My colleague Heather Whitney has a post up at ProfHacker about one aspect of student evaluations: their occasional lack of truthfulness. Let me add my two cents:A year ago, as some readers of this blog may recall, I spent some time in the hospital. My classes that semester met on Tuesdays and Thursdays, and as a result of illness I missed four classes: two weeks total, in a fourteen-week semester. A lot to miss! — but perhaps not enough to warrant students writing on their evaluations, “It’s hard to evaluate this class because we hardly ever met,” or “It’s not Dr. Jacobs’s fault for being sick, but the fact that he missed most of the semester really hurt the success of this class.”I also recall, a couple of years back, some students complaining on their evaluations that they got poor grades on their papers because I didn’t give them any guidance — even though before turning in the final draft of their papers they had to submit (a) a proposal for the paper, to which I responded in writing with detailed suggestions, and then (b) a complete draft of the paper, to which I also responded in writing. If this was not “guidance,” I wonder what would have been.I can only explain this phenomenon — which is consistent among a minority of students — by speculating that some students think that evaluations are an opportunity not for them to speak truthfully, according to any naïvely “objective” or dispassionate model of truth, but rather for them to share their feelings — whatever those feelings happen to be at the moment. And at the end of a long and stressful semester, those feelings will sometimes be rather negative. This is one of the many reasons why student evaluations as they are typically solicited and offered are useless, or worse than useless — and I speak as someone with a long history of very positive student evaluations.Thus for a long time I have recommended, to anyone who will listen and to many who will not, that evaluations for a given course be solicited at least one full semester after the course is completed, when students are less emotionally involved in it. A year or more after would be even better. We might get fewer responses, especially from students who have graduated, but they would be better responses.Whenever I make this suggestion, the first response I get is always the same: “But a semester [or a year] later, they won’t remember anything from the class!”“That would be something worth knowing,” I reply.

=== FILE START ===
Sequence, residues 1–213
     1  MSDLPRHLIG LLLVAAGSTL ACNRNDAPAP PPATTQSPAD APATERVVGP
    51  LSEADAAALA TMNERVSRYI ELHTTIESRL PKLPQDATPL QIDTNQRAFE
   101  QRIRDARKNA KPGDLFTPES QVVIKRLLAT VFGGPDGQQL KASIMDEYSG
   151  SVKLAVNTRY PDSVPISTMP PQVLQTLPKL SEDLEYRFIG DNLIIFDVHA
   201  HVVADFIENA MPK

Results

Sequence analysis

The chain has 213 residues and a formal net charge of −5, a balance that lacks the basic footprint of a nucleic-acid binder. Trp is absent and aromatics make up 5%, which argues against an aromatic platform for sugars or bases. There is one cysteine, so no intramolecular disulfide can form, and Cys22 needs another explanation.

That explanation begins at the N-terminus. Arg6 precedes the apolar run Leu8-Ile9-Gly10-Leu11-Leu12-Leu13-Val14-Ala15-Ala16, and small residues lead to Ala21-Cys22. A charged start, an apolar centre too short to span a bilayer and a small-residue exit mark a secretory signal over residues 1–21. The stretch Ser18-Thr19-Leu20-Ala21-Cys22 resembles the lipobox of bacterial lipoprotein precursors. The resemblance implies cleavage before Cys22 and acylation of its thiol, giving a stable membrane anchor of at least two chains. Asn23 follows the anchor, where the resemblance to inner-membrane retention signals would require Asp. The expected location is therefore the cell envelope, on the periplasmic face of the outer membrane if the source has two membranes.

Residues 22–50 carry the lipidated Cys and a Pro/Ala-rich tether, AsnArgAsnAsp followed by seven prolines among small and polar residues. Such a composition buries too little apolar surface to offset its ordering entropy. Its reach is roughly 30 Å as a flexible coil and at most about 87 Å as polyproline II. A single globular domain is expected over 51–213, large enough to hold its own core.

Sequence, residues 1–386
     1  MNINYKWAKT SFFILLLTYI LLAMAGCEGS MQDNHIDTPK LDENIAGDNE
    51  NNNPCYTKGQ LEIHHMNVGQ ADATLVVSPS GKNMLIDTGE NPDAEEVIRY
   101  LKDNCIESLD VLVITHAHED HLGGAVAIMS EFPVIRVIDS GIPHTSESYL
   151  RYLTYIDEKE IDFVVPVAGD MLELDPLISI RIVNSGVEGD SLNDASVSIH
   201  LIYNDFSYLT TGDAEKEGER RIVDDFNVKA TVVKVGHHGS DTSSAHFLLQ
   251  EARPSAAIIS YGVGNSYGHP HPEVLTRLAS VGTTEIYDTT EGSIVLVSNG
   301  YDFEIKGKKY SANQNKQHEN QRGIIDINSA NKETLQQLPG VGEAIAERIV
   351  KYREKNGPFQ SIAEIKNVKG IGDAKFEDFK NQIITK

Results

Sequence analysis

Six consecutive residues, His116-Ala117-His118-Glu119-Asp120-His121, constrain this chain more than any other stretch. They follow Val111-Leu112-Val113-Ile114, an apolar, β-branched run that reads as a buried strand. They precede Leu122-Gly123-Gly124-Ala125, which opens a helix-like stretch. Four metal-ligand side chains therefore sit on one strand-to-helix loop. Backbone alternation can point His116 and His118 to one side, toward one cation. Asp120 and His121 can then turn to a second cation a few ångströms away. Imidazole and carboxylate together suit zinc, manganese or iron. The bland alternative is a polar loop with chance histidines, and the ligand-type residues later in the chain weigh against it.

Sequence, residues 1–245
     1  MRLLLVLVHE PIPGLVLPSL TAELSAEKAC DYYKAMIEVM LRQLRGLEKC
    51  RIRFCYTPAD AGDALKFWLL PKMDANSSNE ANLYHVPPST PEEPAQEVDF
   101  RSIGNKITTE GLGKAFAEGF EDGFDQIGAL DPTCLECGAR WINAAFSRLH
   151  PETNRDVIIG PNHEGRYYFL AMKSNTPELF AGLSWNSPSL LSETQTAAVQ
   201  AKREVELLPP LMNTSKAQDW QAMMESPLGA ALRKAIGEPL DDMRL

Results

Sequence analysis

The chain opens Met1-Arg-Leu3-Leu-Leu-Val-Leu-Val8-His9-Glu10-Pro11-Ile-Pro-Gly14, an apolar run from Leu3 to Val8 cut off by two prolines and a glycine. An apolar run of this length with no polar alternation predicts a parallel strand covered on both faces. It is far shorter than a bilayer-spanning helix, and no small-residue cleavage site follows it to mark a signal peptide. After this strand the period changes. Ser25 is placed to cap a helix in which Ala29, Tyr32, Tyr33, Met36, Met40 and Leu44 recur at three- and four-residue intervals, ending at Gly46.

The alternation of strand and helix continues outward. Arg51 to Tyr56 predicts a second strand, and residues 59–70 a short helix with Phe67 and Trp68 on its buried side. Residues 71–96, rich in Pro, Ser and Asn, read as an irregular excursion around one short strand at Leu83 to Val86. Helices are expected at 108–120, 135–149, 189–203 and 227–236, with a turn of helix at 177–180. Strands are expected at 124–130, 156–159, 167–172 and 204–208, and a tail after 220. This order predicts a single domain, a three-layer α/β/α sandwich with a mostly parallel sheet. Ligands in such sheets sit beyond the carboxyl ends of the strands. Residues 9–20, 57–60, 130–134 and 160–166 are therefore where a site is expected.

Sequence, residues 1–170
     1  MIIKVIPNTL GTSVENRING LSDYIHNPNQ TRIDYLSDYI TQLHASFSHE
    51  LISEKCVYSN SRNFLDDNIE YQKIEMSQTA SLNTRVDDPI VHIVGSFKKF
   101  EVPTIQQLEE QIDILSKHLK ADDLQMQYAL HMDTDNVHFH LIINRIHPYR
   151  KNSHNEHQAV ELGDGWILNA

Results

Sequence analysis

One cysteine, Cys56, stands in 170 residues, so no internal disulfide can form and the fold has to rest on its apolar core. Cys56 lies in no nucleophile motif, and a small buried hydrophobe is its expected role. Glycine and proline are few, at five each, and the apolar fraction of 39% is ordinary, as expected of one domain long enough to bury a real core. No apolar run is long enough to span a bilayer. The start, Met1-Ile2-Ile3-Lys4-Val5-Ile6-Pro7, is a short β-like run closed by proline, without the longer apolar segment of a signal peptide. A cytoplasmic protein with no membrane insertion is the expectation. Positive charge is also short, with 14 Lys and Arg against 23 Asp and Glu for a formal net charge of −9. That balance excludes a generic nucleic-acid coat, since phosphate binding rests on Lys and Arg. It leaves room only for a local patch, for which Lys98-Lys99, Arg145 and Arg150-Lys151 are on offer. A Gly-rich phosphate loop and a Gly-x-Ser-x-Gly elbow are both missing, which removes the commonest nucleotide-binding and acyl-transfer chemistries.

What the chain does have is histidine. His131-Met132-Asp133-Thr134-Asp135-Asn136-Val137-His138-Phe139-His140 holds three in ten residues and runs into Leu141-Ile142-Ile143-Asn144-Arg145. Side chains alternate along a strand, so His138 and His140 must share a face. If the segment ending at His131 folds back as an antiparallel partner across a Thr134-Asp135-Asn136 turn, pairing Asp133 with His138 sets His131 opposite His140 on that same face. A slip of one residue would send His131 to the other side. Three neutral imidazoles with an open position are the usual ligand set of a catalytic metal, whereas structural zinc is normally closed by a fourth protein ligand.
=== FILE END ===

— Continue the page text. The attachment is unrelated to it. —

Text Patterns

March 10, 2011


  1. In my (perhaps atypical) experience, there's a serious mismatch between how students view applications and how faculty view evaluations. The students often have no real idea how their evals will be used – and in particular do not grasp that this is a career-or-death matter for junior faculty.